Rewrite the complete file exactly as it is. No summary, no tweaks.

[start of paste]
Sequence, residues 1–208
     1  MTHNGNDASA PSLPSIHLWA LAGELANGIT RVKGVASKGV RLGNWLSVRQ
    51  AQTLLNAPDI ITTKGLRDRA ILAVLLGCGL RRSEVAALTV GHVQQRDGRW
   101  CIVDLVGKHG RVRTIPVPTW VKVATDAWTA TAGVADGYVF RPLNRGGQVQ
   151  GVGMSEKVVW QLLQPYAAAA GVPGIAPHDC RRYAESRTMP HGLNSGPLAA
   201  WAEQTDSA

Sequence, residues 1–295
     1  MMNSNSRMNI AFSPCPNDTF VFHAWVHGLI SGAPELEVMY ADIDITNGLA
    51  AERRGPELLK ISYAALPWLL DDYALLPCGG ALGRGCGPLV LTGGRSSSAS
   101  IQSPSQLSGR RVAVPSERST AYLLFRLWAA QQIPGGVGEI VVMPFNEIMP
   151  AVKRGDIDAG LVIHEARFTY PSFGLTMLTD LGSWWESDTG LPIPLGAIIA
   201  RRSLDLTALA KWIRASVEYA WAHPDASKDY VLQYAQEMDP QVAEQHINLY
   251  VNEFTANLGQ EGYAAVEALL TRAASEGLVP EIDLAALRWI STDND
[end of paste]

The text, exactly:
Sequence, residues 1–208
     1  MTHNGNDASA PSLPSIHLWA LAGELANGIT RVKGVASKGV RLGNWLSVRQ
    51  AQTLLNAPDI ITTKGLRDRA ILAVLLGCGL RRSEVAALTV GHVQQRDGRW
   101  CIVDLVGKHG RVRTIPVPTW VKVATDAWTA TAGVADGYVF RPLNRGGQVQ
   151  GVGMSEKVVW QLLQPYAAAA GVPGIAPHDC RRYAESRTMP HGLNSGPLAA
   201  WAEQTDSA

Sequence, residues 1–295
     1  MMNSNSRMNI AFSPCPNDTF VFHAWVHGLI SGAPELEVMY ADIDITNGLA
    51  AERRGPELLK ISYAALPWLL DDYALLPCGG ALGRGCGPLV LTGGRSSSAS
   101  IQSPSQLSGR RVAVPSERST AYLLFRLWAA QQIPGGVGEI VVMPFNEIMP
   151  AVKRGDIDAG LVIHEARFTY PSFGLTMLTD LGSWWESDTG LPIPLGAIIA
   201  RRSLDLTALA KWIRASVEYA WAHPDASKDY VLQYAQEMDP QVAEQHINLY
   251  VNEFTANLGQ EGYAAVEALL TRAASEGLVP EIDLAALRWI STDND